Heatstroke in Cats - Symptoms & What You Should Do

While our Boulder and Westminster emergency vets see fewer cases of heatstroke in cats than in dogs, it does happen. In today's post, we share some of the symptoms of heatstroke in cats, and what you should do if you think your cat is suffering from heatstroke. 

Heatstroke in Cats

Heatstroke, also known as prostration or hyperthermia, is a condition characterized by an increase in core body temperature caused by environmental factors. The normal body temperature of your cat should be around 101-102.5 degrees Fahrenheit. If your cat's body temperature rises above 105 degrees Fahrenheit, he or she must seek immediate veterinary attention!

Why Cats Get Heatstroke

Heatstroke in cats and dogs is typically caused by exposure to excessive ambient heat. Some of the most common causes of heatstroke in cats include:

  • Extremely hot outdoor temperature
  • Lack of access to shade
  • Trapped in hot unventilated space (such as a car)
  • Lack of access to water 

Signs of Heatstroke in Cats

If your cat is suffering from heatstroke you may notice one or more of the following symptoms:

  • Excessive Panting
  • Restless behavior
  • Sweaty feet
  • Vomiting
  • Lethargy
  • Muscle Tremors
  • Drooling
  • Excessive grooming
  • Uncoordinated movement
  • Loss of Balance
  • Seizure
  • Unconsciousness

What To Do If Your Cat Has Heatstroke

Heatstroke is a serious condition and symptoms should always be treated as an emergency! If your cat is displaying signs of heatstroke head to your vet straight away, or go to the nearest animal emergency hospital.

If your cat is conscious and you suspect that they are suffering from heatstroke, move them to a cool room, wet their fur with cool (NOT COLD) water, and gently place ice packs on their feet.

While transporting your cat to the vet keep the vehicle's air conditioning on full or open windows to allow airflow to help cool your cat down.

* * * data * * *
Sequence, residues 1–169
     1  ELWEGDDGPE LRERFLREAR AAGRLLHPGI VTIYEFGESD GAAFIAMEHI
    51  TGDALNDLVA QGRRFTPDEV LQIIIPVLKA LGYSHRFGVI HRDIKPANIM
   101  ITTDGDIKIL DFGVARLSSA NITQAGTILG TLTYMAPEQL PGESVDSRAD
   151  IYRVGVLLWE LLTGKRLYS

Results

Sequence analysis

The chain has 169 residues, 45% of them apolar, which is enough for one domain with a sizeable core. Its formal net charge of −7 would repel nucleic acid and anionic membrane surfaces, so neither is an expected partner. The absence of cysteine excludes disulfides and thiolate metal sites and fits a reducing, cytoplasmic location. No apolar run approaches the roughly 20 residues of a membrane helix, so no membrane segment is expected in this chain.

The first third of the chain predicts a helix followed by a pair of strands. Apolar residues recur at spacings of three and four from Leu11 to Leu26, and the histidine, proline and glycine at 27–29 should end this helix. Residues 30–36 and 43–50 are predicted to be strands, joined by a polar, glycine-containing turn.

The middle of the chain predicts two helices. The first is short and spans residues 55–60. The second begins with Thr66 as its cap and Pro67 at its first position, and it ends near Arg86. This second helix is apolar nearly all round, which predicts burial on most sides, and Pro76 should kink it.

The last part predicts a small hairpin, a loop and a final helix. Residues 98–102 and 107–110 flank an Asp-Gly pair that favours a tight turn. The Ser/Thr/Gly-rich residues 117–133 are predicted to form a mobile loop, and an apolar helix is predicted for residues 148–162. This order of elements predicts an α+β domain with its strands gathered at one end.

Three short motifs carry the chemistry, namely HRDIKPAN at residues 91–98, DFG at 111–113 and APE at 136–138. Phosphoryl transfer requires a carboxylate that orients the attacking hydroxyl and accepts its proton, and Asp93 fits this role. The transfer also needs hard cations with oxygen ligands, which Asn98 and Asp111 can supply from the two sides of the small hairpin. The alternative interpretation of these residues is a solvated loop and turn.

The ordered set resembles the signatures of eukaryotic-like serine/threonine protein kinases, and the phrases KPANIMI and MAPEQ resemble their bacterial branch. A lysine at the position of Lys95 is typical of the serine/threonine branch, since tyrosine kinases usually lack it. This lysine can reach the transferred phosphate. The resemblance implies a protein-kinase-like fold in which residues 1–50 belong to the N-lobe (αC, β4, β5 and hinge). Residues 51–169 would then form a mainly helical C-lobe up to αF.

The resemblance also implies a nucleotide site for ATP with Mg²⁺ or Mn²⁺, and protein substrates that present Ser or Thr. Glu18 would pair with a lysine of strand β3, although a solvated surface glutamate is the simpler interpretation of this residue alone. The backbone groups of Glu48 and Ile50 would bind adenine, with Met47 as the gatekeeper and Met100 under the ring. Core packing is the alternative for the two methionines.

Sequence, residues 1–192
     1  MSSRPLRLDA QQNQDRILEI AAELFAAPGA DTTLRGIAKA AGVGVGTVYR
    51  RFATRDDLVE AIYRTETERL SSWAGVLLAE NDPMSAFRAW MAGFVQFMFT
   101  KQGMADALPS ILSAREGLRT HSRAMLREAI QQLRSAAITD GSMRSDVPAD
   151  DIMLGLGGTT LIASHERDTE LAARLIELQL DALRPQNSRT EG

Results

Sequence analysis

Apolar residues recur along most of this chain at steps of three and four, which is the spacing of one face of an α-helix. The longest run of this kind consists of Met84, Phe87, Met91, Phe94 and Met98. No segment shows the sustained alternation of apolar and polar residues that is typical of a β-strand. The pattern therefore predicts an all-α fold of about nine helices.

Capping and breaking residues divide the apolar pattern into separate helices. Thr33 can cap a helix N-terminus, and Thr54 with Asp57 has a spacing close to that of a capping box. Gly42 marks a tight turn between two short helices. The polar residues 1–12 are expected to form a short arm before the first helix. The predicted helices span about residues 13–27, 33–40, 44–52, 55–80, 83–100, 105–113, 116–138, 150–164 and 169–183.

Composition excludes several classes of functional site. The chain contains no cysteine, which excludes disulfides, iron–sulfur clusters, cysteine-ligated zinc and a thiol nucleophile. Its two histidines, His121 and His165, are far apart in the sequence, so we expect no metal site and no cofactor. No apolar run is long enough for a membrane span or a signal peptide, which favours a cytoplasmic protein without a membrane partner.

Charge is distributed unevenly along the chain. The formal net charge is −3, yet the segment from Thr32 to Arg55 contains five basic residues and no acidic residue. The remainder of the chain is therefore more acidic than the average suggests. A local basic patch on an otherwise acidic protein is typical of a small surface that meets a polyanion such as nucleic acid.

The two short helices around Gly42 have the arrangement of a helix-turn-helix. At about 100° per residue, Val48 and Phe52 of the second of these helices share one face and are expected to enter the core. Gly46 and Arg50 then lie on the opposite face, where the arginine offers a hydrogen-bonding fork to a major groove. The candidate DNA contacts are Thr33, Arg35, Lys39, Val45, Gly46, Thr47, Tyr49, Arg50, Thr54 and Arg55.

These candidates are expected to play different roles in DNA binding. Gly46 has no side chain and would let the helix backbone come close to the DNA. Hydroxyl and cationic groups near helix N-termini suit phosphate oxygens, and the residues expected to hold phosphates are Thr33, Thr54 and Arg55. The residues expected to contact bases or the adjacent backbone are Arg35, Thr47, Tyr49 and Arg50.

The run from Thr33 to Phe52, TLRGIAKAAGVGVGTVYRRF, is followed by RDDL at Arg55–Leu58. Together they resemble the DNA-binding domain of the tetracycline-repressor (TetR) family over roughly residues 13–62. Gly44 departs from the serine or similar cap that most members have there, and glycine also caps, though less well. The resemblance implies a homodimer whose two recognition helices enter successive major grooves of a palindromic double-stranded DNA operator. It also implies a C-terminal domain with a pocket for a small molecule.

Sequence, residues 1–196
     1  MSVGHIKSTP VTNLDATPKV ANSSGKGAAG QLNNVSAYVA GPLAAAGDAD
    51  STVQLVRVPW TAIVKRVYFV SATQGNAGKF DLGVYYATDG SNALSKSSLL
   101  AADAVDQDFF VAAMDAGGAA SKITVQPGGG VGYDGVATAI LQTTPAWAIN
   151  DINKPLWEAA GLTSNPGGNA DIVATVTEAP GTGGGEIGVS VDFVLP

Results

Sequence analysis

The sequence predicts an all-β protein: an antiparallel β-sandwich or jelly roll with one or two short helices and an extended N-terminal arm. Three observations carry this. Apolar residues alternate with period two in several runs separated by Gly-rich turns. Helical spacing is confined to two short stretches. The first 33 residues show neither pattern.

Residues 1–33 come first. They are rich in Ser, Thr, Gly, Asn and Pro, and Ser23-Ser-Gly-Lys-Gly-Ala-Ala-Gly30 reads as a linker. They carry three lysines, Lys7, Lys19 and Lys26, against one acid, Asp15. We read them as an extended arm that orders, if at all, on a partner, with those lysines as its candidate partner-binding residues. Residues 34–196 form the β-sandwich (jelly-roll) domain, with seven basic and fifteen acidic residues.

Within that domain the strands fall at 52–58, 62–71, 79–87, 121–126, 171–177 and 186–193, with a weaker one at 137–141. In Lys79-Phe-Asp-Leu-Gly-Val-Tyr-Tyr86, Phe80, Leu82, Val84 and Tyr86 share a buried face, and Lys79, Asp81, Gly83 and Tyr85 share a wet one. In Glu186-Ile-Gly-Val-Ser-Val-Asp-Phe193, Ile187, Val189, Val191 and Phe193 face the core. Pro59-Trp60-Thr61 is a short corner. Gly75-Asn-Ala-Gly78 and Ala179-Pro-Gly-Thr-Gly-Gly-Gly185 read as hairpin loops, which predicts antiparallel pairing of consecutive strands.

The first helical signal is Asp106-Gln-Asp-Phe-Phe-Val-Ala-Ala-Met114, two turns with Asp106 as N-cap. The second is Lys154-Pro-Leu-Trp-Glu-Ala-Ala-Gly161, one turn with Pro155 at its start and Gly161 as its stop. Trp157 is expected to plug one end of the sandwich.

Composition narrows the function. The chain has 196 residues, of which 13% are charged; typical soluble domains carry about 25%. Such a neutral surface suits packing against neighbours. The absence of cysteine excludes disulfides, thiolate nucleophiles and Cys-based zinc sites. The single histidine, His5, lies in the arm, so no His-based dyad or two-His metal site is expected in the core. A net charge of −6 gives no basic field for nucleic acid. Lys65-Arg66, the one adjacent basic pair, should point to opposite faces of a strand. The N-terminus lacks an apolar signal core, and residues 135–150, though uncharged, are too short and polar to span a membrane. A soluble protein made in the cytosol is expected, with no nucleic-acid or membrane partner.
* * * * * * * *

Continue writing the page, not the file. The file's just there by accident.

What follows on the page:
How to Treat Heatstroke in Cats

Your vet will work to reduce your cat's body temperature back down to normal. This may be done using cool water and/or ice packs.

Your vet may also administer intravenous fluids to help to lower your cat’s temperature, counteract the effects of shock and minimize the risk of organ damage. In some cases oxygen therapy may also be required.

The team at your vet's office will monitor your cat's body temperature every few minutes until your pet's body temperature is back within normal parameters. If caught early and treated immediately cats can recover quickly from heatstroke.

Heatstroke, however, is a serious health risk for cats and dogs. Before allowing your cat to return home, your vet will check for signs of organ damage and other serious complications. In some cases, evidence of organ damage does not appear for several days; therefore, if your cat has recently recovered from heatstroke, carefully monitor them for signs of illness.

Preventing Heatstroke in Cats

On hot days, always provide your cat with access to a cool, shady space to relax in, make sure your feline friend has plenty of fresh clean water to drink, and never leave your pet trapped in a vehicle or hot room.

Note: The advice provided in this post is intended for informational purposes and does not constitute medical advice regarding pets. For an accurate diagnosis of your pet's condition, please make an appointment with your vet. 

Is your cat showing signs of heatstroke? Visit our Boulder and Westminster emergency vets to receive urgent veterinary care for your pet. Late nights, weekends, and holidays, our emergency veterinarians are here to help any time that your primary care veterinarian is unavailable.